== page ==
Behind the Romney play 

There are probably ten or twenty books-worth of articles now in existence that speculate as to why Donald Trump does anything he does. But I find the speculation around why Trump keeps doing a do-si-do with Mitt Romney to be some of the most intriguing.

Chris Cillizza in the Washington Post, Frank Bruni in the New York Times and Reneé Graham of the Boston Globe are all wrong. Here’s what’s really going on:

Donald Trump realizes and hates that not everyone who voted actually voted for him, let alone likes him, trusts him, believes him or wants him anywhere near governing this country.

Exhibit A: His rejection of the recount efforts, and the facts

Exhibit B: He isn’t telling these supporters to stop telling lies

Exhibit C: He thinks people have to be paid to protest him

However, although Trump is dysfunctional, he’s got eyes and he can see how attractive Mitt Romney is: in appearance, in how he speaks, in his fidelity, in his wealth, in his experience in politics and governing.

And these visuals, as Trump might call them, form the basis for why he can’t quit Romney: he wants all the good stuff to rub off and hopes that by surrounding himself with certain motifs, he will become those things to the people who might otherwise be disaffected, and manage to get their support. Remember, we are talking about a guy who is willing to let the people who did vote for him believe that millions of their fellow citizens didn’t cast legal votes for his opponent, simply because Trump can’t handle the truth that Hillary Clinton got 2.5 million votes more than he did.

Trump’s ego – and his daily functioning – cannot tolerate knowing haters are out there. In his heart of hearts, he cannot understand how everyone can’t see his greatness and cannot love him. Didn’t he do this, didn’t he do that, what more do people want of him? Oh, the sacrifices he’s making just to get them to like him.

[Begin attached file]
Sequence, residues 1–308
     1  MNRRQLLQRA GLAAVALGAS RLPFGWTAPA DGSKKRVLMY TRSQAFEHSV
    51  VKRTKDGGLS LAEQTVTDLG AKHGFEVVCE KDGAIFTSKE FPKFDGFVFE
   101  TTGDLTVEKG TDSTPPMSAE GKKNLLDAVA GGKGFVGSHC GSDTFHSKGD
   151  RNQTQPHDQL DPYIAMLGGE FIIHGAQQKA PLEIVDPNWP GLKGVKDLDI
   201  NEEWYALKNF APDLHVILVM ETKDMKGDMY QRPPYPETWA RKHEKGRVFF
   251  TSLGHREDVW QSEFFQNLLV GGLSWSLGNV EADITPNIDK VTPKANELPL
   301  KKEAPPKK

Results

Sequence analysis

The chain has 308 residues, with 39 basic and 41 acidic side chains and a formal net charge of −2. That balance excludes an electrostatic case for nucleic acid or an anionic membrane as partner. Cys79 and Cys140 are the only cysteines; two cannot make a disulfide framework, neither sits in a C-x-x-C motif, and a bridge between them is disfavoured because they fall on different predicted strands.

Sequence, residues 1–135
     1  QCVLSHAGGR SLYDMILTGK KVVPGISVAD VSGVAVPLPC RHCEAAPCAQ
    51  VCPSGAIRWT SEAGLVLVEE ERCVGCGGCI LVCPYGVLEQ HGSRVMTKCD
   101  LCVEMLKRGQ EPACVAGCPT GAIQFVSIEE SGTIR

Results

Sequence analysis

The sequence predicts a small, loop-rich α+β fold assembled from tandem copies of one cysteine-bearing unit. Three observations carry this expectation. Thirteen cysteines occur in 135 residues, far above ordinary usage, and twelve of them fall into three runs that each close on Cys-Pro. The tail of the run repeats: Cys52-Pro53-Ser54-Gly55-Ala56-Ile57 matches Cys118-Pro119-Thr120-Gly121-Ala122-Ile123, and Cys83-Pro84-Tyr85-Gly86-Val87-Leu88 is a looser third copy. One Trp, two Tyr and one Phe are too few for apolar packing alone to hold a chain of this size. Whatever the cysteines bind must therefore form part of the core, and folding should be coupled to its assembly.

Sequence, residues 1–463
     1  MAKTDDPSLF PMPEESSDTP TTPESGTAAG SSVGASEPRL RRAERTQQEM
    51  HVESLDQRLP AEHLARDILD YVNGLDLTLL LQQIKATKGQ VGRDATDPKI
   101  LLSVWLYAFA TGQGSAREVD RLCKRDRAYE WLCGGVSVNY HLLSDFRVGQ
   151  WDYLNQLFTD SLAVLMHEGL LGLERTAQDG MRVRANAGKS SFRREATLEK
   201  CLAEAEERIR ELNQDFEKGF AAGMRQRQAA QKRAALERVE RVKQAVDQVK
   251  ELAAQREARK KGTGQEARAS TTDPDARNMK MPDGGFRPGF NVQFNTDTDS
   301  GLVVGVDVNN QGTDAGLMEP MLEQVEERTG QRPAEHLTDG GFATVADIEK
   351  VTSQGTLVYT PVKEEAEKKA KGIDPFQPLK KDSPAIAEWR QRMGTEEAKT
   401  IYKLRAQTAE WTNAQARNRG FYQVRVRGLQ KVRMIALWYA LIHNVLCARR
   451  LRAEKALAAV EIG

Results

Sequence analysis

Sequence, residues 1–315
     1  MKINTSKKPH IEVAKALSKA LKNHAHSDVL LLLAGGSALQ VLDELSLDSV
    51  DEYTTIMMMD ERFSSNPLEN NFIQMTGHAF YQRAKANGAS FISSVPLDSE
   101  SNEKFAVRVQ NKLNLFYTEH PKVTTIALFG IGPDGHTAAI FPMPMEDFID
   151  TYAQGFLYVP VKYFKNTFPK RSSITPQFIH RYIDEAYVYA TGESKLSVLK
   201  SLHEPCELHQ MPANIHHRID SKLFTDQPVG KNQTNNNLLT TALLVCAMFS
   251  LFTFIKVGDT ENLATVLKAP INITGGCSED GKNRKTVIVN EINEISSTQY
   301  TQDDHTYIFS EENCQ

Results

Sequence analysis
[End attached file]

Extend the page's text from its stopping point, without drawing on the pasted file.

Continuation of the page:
Of course this shows Trump’s fundamental misunderstanding about being in politics: Winning an electoral race means you only need 50 percent plus 1 to win (or less when there are third-party candidates). And in his case, he didn’t even need to do that because of the electoral college. That means people who win elections live with the knowledge that some usually statistically significant quantity of people didn’t want them, and may never want them. Donald Trump refuses to believe that, and some of the choices he’s made since November 8 reflect just how strongly he rejects accepting that.

One quick recollection that might aid this argument: Remember how Trump handled the “receipt” of a Purple Heart? A veteran came up to him before he took the stage and handed him a copy of his (the veteran’s) Purple Heart. And Trump says, “I always wanted to get the Purple Heart. This was much easier.”

In other words, he wasn’t ever really interested in doing anything to earn a Purple Heart,  but he loved having it handed to him.

He can’t understand why everyone doesn’t want to just hand it to him, including Mitt Romney. And he really wants to figure that one out, so he can get closer to having fewer people feel as negatively about him as Romney did.

3 thoughts on “Behind the Romney play 

  1. Jill,

    I think the world is filled with people like Trump—drama queen is one term we use for the extreme form—-they just don’t have national media covering them 24/7.

    As for doing whatever we must to protect our particular perception of reality, I think that Cognitive Dissonance pretty much covers that nearly, if not completely, for all of us.


    • Thanks, Diana. There really are very few people who behave like Donald Trump, to the extent he behaves like he does. That’s a good thing. The bad thing is that for people who do behave like Trump, they never change. They really, truly don’t have the capacity. Their ego would be too crushed by reality to survive and so they do whatever they must to protect it.

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